Sure, CDs were good for storing music -- but they could also do so much more, like provide interactive educational and entertainment content, via your TV set! To meet that vision, Philips released the CD-I console to the world and waited for the customers to line up.
They singularly failed to do so. The CD-I didn't really stack up well against existing game consoles or media players, and sales remained low despite Philips' paying for infomercials in heavy rotation. The CD-I eventually slid into the kiosk market, where it also failed. Much of its functionality eventually showed up not on set-top boxes but in home computers, and, with the advent of larger hard drives, ultimately left the CD altogether.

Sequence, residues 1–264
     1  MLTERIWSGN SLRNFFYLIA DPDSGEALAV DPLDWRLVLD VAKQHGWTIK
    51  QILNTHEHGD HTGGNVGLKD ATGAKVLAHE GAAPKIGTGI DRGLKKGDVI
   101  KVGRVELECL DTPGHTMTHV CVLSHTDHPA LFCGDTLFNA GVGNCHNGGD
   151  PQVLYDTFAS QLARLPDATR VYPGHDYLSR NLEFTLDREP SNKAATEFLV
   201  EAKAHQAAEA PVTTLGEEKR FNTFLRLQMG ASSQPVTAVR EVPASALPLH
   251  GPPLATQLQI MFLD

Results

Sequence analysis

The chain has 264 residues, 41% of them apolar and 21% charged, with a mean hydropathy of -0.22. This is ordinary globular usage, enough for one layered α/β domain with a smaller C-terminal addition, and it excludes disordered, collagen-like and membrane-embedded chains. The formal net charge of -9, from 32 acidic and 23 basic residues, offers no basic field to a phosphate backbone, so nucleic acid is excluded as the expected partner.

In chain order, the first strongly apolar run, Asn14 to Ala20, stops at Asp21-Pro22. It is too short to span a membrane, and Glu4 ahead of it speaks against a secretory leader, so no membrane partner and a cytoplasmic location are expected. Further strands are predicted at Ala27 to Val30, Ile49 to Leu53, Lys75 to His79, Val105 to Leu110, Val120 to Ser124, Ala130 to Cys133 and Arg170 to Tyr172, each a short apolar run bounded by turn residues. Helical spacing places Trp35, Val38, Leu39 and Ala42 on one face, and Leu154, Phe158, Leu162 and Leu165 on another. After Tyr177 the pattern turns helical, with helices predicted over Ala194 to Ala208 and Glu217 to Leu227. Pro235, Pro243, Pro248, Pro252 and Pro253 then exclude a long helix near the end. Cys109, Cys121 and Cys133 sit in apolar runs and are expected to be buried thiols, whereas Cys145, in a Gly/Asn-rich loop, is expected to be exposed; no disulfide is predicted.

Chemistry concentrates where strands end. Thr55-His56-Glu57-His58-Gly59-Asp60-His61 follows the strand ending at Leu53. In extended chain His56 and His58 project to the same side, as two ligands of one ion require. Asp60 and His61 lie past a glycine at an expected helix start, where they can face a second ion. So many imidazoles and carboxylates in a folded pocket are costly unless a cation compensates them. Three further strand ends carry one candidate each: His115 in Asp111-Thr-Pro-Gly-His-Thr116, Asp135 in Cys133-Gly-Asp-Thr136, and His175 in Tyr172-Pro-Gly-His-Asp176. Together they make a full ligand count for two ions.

Picture courtesy of Wikipedia